Unlike its German counterpart the UK government decided against stepping in to help out Thomas Cook with a loan, meaning its British airline went out of business. On paper the airline was profitable (although it was difficult to deduce how much of this was down to the parent company as this blog points out) and unions were upset that so many employees lost their job as a result.
With the airline going out of business, however, its airport landing slots became available and two of Thomas Cook’s biggest rivals stepped in. Fast-growing Jet2 stepped in and bought slots at Manchester, Birmingham and Stansted airports for an undisclosed amount. Meanwhile, EasyJet, which has recently relaunched its own package holiday offering spent $47 million (£36 million) on a portfolio at London Gatwick and Bristol airports.
In happier news for Thomas Cook employee, family-owned Hays Travel in a blaze of publicity picked up all of Thomas Cook’s 555 UK retail travel agencies. As of November 21, Hays had opened 450 of the stores and offered permanent contracts to 2,330 former Thomas Cook employees.
Elsewhere in Europe buys have been picking over the rest of its retail estate. Thomas Cook had around 2,800 stores and despite the relentless march of online travel there has been no shortage of interest.
In Germany, where the retail travel agency model is still incredibly popular, a number of Thomas Cook’s assets have been picked up. RTK Group, which has around 4,000 travel agencies, bought the brand and system rights to the Holiday Land franchise network. RTK also took over the 50% of the Alpha travel agency group it didn’t already own, from Thomas Cook, before selling it on to new tour operator partner Schauinsland Travel. Egyptian billionaire Samih Sawiris owns a majority stake in RTK.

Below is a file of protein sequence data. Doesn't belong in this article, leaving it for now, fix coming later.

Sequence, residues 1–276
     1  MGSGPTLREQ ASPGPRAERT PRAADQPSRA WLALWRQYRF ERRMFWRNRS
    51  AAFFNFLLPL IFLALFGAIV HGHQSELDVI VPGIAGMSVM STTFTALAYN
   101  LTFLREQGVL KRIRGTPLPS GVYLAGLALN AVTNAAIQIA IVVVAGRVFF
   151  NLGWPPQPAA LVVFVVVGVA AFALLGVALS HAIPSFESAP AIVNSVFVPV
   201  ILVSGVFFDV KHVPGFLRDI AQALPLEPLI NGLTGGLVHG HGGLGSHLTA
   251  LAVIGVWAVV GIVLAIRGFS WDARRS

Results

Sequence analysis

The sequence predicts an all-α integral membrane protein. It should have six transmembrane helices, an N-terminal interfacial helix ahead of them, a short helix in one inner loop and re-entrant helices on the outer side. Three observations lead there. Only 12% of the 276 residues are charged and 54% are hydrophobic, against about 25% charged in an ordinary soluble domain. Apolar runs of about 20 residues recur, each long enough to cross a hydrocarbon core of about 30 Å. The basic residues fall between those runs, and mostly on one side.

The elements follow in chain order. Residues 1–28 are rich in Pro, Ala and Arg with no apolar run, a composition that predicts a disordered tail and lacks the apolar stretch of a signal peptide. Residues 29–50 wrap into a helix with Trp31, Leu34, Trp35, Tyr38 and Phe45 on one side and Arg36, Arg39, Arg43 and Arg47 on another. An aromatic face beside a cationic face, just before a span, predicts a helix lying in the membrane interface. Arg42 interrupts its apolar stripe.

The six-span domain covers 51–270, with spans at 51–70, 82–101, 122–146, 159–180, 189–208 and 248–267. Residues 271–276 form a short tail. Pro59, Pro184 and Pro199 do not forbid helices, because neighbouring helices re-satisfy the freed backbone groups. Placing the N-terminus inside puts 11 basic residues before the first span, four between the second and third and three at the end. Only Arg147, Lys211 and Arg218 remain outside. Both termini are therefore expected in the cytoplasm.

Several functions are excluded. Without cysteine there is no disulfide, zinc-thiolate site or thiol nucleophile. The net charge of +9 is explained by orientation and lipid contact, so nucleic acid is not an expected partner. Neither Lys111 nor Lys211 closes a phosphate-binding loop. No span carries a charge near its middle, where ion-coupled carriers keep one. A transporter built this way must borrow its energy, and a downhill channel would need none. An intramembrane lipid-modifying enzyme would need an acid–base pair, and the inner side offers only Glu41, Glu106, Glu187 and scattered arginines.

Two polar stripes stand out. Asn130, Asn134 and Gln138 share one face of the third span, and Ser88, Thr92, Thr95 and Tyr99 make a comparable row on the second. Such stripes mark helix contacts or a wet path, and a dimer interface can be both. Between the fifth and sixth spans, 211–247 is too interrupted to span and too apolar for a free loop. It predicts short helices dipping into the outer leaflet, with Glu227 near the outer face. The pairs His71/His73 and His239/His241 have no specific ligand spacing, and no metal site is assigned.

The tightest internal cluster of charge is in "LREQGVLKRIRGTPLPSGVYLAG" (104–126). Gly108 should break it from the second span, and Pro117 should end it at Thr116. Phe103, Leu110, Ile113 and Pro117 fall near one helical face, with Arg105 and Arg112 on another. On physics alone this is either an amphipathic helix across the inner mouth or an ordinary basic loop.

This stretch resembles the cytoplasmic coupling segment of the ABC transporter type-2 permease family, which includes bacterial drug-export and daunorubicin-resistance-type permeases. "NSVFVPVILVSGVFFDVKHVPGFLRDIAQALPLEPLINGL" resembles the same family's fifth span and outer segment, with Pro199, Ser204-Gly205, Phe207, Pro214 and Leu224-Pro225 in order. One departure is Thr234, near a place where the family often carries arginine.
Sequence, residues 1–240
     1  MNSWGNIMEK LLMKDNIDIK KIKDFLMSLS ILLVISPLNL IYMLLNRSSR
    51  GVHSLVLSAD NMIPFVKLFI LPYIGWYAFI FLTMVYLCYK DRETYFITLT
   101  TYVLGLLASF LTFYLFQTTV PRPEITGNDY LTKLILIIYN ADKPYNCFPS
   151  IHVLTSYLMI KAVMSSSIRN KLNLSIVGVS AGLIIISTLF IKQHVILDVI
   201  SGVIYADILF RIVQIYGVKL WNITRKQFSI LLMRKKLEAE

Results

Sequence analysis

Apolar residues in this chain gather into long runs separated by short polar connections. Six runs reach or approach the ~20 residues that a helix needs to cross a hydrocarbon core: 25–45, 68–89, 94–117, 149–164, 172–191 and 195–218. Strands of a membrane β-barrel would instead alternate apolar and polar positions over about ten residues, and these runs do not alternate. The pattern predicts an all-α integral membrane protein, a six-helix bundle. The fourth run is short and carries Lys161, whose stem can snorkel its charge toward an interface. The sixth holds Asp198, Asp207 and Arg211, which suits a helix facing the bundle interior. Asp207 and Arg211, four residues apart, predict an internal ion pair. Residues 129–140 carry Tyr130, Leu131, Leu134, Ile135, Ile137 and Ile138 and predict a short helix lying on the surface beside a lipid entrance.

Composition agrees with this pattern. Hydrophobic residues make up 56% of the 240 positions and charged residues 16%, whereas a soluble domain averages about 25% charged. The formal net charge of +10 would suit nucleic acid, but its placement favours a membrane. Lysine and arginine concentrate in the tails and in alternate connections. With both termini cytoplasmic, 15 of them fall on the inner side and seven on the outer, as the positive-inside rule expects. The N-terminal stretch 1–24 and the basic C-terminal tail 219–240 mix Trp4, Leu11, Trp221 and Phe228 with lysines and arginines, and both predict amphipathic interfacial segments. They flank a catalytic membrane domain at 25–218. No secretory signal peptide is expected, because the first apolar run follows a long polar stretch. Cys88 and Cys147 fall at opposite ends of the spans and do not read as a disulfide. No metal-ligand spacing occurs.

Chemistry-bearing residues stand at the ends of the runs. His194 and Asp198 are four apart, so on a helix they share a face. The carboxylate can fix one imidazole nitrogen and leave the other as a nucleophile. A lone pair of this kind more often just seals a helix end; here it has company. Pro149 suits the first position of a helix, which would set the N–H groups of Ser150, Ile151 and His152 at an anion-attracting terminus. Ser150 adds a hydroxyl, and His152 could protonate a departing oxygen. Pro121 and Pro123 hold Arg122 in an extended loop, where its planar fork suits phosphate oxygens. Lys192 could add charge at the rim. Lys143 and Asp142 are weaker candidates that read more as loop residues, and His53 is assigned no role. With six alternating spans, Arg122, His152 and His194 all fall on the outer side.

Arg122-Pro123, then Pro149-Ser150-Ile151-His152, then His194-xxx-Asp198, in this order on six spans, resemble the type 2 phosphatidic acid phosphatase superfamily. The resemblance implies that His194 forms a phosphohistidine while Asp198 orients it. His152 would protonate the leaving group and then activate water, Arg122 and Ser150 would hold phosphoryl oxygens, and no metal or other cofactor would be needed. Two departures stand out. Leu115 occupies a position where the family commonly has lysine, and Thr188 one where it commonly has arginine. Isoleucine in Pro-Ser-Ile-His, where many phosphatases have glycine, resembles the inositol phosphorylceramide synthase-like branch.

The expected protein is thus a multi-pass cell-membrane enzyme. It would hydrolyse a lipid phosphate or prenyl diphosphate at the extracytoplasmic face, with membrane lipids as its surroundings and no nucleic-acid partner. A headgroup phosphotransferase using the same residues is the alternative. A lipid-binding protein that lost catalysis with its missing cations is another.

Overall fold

Finally, Anex Tourism Group snapped up tour operator Bucher Reisen and Öger Tours. Before Thomas Cook’s collapse, Anex’s founder Neset Kockar amassed a sizeable shareholding and sought to insert himself in the restructuring plans. The move ultimately failed but Anex seems to be keen to play a bigger role in European tourism. It also bought Russian tourism company Intourist and is planning an initial public offering once it has recapitalized the business.
In France the Thomas cook spoils were divided up among a number of buyers, with 149 out of 174 finding a home thanks to a consortium of bidders, including Salaün Holidays, Karavel-Promovacances and Navitours according to local publication TourMag.
One surprise was that tour operator Jet Tours, which Thomas Cook bought from Club Med in 2008, couldn’t find a buyer.
German tour operator and hotel operator, Aldiana, has a new shareholder after Swiss investor LMEY Investments bought up Thomas Cook’s shareholding.
German tour operator Der Touristik has taken over hotel brand Sentido, a well-known name in the Germany, Austria and Switzerland markets.
“Our goal is to stabilize the Sentido hotel portfolio and expand it in perspective with new buildings. For interested hoteliers, our door is open,” said Ingo Burmester, CEO of Touristik Central Europe